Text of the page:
Check-In opens at 7:30 a.m. and remains open only until 10:00 a.m. There is no check-in after 10:00 a.m. You must check-in to obtain your badge and conference materials before attending any workshops. It is necessary to wear your badge which identifies you as a conference attendee. Badges will be checked throughout the day.

Hotel parking for 400 cars will be available for $6.00 per car for the day. If you park at the Hyatt Hotel you can pre-pay for parking during lunch to help speed up the process of leaving the parking lot at the end of the day.  Additional city parking lots are also available within a few blocks of the hotel at regular rates. Maps and addresses for all parking will be available online soon. Carpooling and public transportation are strongly recommended. The train stop is a short walk from the hotel. New Brunswick is served by NJ Transit buses and trains.

Join your colleagues and NJTESOL/NJBE friends at the President’s Awards Reception after the conference on Wednesday, May 29, at 5:30pm. Light refreshments will be served. The cost is $20.  If you haven’t registered as of yet you can still do so by visiting

Please check your conference confirmation and membership status!
If you received a notice with your confirmation that your membership status is not up to date and have not acted upon it, please be ready to pay for membership at the conference. Your membership must be paid up in order to receive your conference packet.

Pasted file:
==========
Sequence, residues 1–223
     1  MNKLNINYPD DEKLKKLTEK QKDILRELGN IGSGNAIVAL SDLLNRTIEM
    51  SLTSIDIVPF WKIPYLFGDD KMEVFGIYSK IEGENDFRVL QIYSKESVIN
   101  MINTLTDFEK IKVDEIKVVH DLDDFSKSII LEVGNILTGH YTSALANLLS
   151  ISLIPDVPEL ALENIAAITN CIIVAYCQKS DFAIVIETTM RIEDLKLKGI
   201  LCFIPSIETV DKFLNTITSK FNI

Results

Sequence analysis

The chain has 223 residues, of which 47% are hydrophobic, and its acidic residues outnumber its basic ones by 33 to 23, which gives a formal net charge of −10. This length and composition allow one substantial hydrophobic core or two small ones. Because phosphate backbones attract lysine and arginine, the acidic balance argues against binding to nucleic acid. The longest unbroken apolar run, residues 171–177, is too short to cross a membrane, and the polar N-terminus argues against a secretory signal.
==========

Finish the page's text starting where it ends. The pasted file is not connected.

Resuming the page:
Exhibits open early, so enjoy a cup of coffee or tea and take a look at the exhibitors’ booths before the workshops begin. The exhibitors will be available from 7:30 am - 5:00 pm on Wednesday and 7:30 am- approximately 3:30 pm on Thursday.

While visiting the exhibitors’ area throughout the day, remember to get your exhibitor card stamped to receive an hour of professional development. This card can be found inside your conference booklets.

Check the conference schedule on our website and plan your day.
For your convenience, our lunch buffet will be continuously served between 11:30 and 2:30.

Professional Development Certificates will be given out at the end of each workshop to those attendees who have been present for the entire workshop. As a courtesy to the presenter and fellow conference participants, it is requested that you arrive to your workshop on time and stay until it ends, at which time the certificates will be distributed.

Directions & Public Transportation to the Hyatt Regency can be found online.
The Hyatt Regency is offering reduced conference prices for overnight stays in their rooms. Mention NJTESOL/NJBE when booking your reservation.

Gwen Franks is the business administrator and a conference planner for NJTESOL/NJBE.
She may be reached at gfranks@njtesol-njbe.org .


In Memoriam

In Memoriam
Patricia Levine
Former NJTESOL/NJBE Executive Board Member: Secretary
Retired ESL teacher  at Colts Neck High School
 (see ESL Secondary SIG article: Collaboration)


In Memoriam
Jessie Reppy Keker
Former NJTESOL/NJBE Executive Board Member
Past director of the ESL program at Kean University
Past director of NYS TESOL

KaHlaw Meh's Story
By Natasha Agrawal

Klaw Meh with Loom

KaHlaw Meh’s story of struggle and survival begins in 1996 in a small village in the Kayah State in Burma. The Karenni community that lives in Kayah State has long sought independence from the military rule of the Burmese generals. Thus, a civil war rages between the rebel Karenni army and the Burmese military.